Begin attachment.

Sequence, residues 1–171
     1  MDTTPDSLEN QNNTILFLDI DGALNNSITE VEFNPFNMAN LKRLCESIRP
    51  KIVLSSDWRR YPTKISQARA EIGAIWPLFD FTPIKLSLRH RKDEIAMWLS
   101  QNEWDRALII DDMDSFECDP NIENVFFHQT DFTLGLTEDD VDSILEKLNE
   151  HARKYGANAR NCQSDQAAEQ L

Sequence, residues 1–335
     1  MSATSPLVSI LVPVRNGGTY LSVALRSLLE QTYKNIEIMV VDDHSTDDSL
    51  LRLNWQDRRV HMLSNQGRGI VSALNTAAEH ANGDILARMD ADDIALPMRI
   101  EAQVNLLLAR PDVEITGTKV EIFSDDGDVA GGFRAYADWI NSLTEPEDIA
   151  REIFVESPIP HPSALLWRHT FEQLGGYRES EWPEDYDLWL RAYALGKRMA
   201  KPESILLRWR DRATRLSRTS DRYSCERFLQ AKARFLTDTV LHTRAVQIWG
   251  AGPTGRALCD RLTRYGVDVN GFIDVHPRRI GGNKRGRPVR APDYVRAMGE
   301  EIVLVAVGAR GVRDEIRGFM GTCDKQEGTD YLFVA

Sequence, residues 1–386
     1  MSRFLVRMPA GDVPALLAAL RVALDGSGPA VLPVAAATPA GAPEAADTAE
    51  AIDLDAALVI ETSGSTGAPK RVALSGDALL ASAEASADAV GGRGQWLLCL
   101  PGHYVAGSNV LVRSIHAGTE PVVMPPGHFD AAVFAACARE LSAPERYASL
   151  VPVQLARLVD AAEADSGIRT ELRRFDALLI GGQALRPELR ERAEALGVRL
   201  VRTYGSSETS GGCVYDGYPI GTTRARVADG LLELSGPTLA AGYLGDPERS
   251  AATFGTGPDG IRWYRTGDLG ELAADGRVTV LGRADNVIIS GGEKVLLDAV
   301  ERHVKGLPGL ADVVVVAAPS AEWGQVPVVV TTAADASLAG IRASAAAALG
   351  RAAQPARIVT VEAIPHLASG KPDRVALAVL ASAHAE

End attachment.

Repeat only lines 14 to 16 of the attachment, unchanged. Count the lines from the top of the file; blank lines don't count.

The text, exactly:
Sequence, residues 1–386
     1  MSRFLVRMPA GDVPALLAAL RVALDGSGPA VLPVAAATPA GAPEAADTAE
    51  AIDLDAALVI ETSGSTGAPK RVALSGDALL ASAEASADAV GGRGQWLLCL